These are the results produced for NPR by Microsoft’s Image Creator after given a prompt to produce a realistic-looking aerial photo of Rafah, with the phrase “all eyes on Rafah” superimposed among the tents.
NPR / Microsoft Image Creator
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Microsoft Image Creator
These are the results produced for NPR by Microsoft’s Image Creator after given a prompt to produce a realistic-looking aerial photo of Rafah, with the phrase “all eyes on Rafah” superimposed among the tents.

Shah, who regularly shares posts on social media highlighting the plight of Palestinians, said he has noticed that real photos and videos of the war tend to have limited reach on Instagram.

“The picture from AI can spread faster in a short time,” he said. Shah says another problem is that he has had graphic images of war removed by Instagram for violating the platform’s policies. He said he’s aware that repeat violations can mean that “users can get blocked,” he said.

Felix Simon, a research fellow at the University of Oxford who studies AI’s impact on public discourse, said the image being created by artificial intelligence fueled its virality far less than other factors.

“The simplicity of the slogan, the symbolism at work, the timing and political context, and the fact that it was shared by celebrities,” said Simon, adding that “the lack of graphic content makes it less likely to get taken down, which helps, too.”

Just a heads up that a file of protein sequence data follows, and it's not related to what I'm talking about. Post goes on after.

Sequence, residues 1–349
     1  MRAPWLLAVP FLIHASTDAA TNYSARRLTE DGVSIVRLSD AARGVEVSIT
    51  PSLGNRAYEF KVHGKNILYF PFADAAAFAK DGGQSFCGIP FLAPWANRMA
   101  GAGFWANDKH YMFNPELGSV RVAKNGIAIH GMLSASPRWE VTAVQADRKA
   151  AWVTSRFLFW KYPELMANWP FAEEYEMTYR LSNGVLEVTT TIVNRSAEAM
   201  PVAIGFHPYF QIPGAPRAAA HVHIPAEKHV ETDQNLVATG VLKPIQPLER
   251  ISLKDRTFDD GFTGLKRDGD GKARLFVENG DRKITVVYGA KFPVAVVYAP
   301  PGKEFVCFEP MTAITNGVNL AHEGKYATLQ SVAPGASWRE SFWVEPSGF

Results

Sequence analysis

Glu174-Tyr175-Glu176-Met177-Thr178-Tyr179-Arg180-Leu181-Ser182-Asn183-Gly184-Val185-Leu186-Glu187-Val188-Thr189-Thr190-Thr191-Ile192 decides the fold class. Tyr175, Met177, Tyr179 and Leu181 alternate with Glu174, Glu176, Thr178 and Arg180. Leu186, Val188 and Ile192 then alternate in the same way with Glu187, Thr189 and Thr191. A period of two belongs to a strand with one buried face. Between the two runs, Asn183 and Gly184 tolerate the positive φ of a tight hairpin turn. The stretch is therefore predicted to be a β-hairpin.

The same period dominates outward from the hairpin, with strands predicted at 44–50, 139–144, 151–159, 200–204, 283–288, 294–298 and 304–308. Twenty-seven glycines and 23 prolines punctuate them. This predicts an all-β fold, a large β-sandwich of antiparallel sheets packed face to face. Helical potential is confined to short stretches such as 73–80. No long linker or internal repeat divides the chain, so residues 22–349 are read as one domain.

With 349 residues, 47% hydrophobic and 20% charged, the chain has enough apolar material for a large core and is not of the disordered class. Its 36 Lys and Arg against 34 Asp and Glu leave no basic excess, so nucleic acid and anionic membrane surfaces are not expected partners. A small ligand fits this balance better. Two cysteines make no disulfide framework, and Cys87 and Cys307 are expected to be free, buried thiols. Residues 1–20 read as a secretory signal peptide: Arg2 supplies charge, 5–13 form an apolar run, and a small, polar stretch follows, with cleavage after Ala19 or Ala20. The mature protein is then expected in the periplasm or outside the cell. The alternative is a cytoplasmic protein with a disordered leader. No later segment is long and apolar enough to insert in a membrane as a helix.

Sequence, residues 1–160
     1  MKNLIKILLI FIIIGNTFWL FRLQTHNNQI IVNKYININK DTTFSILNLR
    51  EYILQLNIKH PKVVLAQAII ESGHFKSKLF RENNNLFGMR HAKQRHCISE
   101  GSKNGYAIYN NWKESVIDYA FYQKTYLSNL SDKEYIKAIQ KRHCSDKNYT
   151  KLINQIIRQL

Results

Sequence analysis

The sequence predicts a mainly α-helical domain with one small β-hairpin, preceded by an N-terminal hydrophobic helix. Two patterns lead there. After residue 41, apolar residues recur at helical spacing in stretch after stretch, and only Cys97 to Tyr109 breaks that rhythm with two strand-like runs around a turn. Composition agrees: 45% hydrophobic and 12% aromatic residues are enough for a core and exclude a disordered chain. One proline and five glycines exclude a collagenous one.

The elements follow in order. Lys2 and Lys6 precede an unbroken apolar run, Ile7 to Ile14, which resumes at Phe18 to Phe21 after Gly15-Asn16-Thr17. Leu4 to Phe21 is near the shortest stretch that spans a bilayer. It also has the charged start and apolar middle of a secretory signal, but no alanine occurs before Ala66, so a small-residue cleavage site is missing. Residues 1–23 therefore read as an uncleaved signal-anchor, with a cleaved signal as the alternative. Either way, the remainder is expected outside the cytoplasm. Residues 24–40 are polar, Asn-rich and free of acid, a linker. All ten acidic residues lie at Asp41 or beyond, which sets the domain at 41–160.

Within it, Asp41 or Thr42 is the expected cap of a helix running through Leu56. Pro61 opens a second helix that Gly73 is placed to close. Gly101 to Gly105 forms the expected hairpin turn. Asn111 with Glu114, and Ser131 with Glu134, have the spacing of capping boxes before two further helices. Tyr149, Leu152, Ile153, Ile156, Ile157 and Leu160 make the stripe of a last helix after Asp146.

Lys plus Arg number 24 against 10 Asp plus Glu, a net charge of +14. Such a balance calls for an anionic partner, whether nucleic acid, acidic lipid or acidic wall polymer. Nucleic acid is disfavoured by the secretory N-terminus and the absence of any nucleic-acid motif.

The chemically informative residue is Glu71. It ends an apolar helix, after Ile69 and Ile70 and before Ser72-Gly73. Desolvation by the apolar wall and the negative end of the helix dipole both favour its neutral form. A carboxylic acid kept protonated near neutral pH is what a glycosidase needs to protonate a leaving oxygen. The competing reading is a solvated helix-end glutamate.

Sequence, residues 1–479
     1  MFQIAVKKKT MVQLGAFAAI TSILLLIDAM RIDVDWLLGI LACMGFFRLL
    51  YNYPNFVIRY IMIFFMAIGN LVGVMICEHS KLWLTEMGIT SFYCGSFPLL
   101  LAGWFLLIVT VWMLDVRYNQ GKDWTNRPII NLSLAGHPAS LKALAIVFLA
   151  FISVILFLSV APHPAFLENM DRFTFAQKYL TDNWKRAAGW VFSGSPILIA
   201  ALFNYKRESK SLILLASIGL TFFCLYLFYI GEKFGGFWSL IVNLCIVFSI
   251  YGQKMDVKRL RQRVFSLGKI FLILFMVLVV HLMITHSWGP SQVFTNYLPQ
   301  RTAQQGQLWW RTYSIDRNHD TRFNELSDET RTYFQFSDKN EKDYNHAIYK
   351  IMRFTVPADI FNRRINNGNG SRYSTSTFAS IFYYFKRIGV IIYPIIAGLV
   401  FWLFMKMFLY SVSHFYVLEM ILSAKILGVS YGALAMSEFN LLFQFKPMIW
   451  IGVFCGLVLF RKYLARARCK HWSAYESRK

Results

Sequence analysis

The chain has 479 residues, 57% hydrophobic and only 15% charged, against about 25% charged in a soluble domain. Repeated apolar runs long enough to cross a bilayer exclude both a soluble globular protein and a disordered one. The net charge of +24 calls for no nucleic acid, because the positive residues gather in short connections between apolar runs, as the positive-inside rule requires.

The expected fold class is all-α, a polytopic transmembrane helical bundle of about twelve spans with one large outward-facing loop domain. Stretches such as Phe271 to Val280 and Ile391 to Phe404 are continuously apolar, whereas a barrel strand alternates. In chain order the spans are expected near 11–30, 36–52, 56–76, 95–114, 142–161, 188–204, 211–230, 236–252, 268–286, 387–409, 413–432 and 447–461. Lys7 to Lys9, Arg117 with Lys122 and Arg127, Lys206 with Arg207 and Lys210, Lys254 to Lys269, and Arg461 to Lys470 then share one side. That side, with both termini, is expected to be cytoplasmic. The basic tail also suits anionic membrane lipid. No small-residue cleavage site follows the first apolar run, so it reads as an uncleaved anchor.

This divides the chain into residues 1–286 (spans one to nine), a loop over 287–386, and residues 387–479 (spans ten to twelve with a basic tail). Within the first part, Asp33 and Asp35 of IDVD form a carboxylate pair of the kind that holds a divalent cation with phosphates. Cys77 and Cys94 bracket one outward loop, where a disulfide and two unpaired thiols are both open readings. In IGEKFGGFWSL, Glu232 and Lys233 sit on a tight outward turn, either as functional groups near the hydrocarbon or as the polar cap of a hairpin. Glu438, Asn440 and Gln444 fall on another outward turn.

It is a concern that has been echoed by other activists who have claimed graphic imagery that shows the atrocities of the war in Gaza can be removed from platforms, or suppressed by social media algorithms.

Some commentators criticized the meme for portraying a sanitized version of war that renders human horrors on the ground in Gaza into an easily-shareable AI image.

Both AbKa and Shah reject that idea, saying AI images can be a useful way to grab peoples' attention and make them engage in some way with the war.

Yet there is no agreement among them about who created the viral image that has spurred discussion around the world about the authenticity of online activism and renewed attention on an internet increasingly rife with realistic-looking AI depictions.

When pressed in direct messages on Instagram for a response to AbKa’s contention that her image was copied, Shah blocked an NPR reporter.

NPR researcher Susie Cummings contributed to this report.

Copyright 2024 NPR

Bobby Allyn is a business reporter at NPR based in San Francisco. He covers technology and how Silicon Valley's largest companies are transforming how we live and reshaping society.